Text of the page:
I purchased this book because of the author, not the subject matter. Michael Lewis is a gifted writer. The story is very interesting, but can feel a bit long at times. But the most enjoyable part for me is the appreciation for those who, behind the scenes, can make a fundemental difference in others lives. For the Blind Side, that person is the Left Tackle. For someone else, it may be a teacher, a mother or neighbor.
compelling interesting important
Even if you are not a history buff, you will learn a lot, while on the edge of your seat
An excellent writer. When she is telling her story, she is wonderful. When she is discussing the history of marriage or editorializing, I found myself losing interest.
The books you can't put down, or the audio books you don't want to turn off, are the best. This is just such a book; a book about life, faith, perspective and purpose. Simply enjoyable.
Was it worthwhile using a credit on my account for this book?
In 10 minutes I found it interesting, but no great epiphany. Think about decisions and possible consequences in both the short and long term to weigh gravity. In 10 months I will most likely recall the name but not the author. In 10 years I will most likely not recall either. The irony here is that this idea, which Welch seems to think is an earth-shattering process of decision making clarification, originally appeared in a magazine article for O. And the reason why is that a magazine article essay is all the space you need, and then some. Book-length its not, unless you want to hear endless stories of women and decision making moments.
I wish this were a better review, I really dp. The book happens to be extremely well written; it is compelling, powerful and moving.
So why not 5 stars?
The answer, in short, is that its too good; the recollection of what happened in first and second grade etc. is too vivid, and too exact. Can you recall verbatim dialogue from when you were 9? Maybe here or there, maybe once in a while, but day after day? And by extension, the recall of sequence of very specific events, sounds, smells, gestures, movements are presented in perfectly accurate detail...as if they just happened yesterday.
While I do not want to suggest that Pelzer did not go through hell, I am equally convinced that we live in a day and age when embellishment is confused for non-fiction, and we buy pretending its all real. This seems to also be the conclusion of a July 2002 NY Times Magazine article about Pelzer and his story.
I am therefore left sad; sad for his experience, and equally sad of the way we sometimes look to make money.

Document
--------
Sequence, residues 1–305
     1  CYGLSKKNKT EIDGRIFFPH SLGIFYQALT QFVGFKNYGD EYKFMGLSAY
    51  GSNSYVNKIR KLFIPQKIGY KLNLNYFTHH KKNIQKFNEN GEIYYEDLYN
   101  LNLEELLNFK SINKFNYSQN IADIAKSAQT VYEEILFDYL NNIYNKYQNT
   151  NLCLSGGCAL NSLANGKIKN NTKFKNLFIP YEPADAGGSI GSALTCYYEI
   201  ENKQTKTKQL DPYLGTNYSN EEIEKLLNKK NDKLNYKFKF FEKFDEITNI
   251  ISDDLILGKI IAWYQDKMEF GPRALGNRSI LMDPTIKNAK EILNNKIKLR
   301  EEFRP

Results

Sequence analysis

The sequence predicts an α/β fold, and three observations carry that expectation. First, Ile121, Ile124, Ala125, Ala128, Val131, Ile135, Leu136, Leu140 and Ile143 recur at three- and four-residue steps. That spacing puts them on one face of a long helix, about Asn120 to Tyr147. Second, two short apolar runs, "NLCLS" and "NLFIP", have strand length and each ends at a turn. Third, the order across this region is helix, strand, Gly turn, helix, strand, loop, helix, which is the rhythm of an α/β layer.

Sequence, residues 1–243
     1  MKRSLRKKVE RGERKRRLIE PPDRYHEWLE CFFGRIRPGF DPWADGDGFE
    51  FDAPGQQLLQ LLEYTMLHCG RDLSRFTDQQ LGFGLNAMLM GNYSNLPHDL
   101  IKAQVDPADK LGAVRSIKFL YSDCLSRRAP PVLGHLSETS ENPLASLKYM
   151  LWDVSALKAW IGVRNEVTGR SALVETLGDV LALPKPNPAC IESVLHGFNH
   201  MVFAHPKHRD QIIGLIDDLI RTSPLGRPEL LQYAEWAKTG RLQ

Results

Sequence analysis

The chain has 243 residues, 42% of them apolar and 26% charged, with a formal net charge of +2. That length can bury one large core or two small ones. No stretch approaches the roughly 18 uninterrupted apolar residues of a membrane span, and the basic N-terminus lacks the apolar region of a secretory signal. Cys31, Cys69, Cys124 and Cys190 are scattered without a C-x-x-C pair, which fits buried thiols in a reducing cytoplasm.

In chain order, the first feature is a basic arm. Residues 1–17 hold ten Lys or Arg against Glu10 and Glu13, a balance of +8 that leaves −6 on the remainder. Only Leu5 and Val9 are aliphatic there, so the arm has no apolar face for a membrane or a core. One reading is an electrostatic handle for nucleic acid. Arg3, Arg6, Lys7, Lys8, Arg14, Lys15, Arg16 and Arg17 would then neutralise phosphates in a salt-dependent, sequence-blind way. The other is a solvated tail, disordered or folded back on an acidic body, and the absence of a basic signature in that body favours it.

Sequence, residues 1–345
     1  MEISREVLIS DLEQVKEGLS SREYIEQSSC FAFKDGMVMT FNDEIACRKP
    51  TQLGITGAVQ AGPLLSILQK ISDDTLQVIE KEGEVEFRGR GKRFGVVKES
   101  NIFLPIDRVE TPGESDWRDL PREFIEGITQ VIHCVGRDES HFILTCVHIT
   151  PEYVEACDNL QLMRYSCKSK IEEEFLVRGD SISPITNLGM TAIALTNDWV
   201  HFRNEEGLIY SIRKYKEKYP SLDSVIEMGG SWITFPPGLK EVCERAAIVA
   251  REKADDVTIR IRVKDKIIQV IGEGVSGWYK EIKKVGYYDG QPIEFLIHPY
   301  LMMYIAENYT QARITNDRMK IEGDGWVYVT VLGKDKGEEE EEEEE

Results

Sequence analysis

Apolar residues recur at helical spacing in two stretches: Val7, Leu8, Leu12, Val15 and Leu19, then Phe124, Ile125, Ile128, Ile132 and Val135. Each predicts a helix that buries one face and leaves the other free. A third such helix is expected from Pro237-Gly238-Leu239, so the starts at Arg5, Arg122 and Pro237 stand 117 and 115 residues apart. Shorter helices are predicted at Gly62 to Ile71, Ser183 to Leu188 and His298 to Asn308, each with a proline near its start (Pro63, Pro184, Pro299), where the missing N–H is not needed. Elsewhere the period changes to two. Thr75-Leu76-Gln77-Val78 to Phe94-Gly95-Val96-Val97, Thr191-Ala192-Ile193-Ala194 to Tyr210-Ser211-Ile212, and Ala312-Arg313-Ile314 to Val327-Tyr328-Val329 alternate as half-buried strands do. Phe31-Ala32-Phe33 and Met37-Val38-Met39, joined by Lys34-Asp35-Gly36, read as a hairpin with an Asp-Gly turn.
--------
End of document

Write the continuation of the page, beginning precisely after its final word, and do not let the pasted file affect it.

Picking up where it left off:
Why did I love "A Million Little Pieces" but felt so blah about this book? It took a while for me to realize, as the access to someone who suffers from bi-polar is interesting and rare. The answer, I found, was that in A Million Little PIeces, the author's life - even if exaggerated - was incredibly interesting. Here, the dieses is interesting, and the knowledge of discovery is interesting, but her actual life is incredibly ordinary. Finally, the reader for the first two hours was flat, and abook like this needs a voice with feeling, inflection, a sense of timing and life. She read it like a cookbook.
Foreskin's Lament is the James Frey's "Million Little Pieces" for the Jewish world. It is extremely well written, and narrated. It is a serious, intense, incredibly funny and thoughtful book. The difference between the two books is largely accessibilty: a strong Jewish background is necessary to fully appreciate the references, language and context. By in large, I found it compelling. However, the author seems to cross the line of privacy, with regard to his mother, which did not add to the literary value and, I felt, was unecessarily cruel.
very interesting view into the whitehouse; my only criticism - a small one - was that at one point the book seemd more about Nixon than Graham, as it seemed to go on and on about this one President.
Sam Harris has written a very thoughtful book. Although he does seem to over-exploit the histoty of torture and violence among men to build his thesis, I will gve him the benefit of the doubt that he believes (no punn) that he is making a credible argument.
And, in a way, that is exactly how I heard / read his book: it felt like he was in court, making an argument before the "bench" for the air-tight case against God and faith. He is very convincing and thorough.
So why do I, a God believer before, remain a God believer?
My difference with Harris is that not everything in my life is a matter of logic or rationale. If so, I would let my teenage daughter go her merry way, and call it quits.
Sometimes its a feeling; a feeling that can not be proven the same way that we can show that a2 + b2 = c2. My belief in God escapes logic. Perhaps that's why they call it a "leap." And I feel sad that Harris, among many many others, do not feel the same. But, I do respect, and admire, the length he goes to explain himself.
Peggy Noonan was an excellent speech writer for President Ronal Reagan. But speech writing, in its rhetoric, flare, and oratorical devices is entirely different than writing literature. And in no small manner does Noonan prove the point. The Case Against Hillary is like an Op Ed, that simply doesn't end. Between a few interesting anecdotes, and smidegon of research, is an endless diatribe of all that she believes is wrong with the Clintons. I simply do not know why Peggy Noonan, a speech writer, is any more qualified to talk about the merits of someone's political candidacy, than you or me? Don't make my mistake and use your credit elsewhere.
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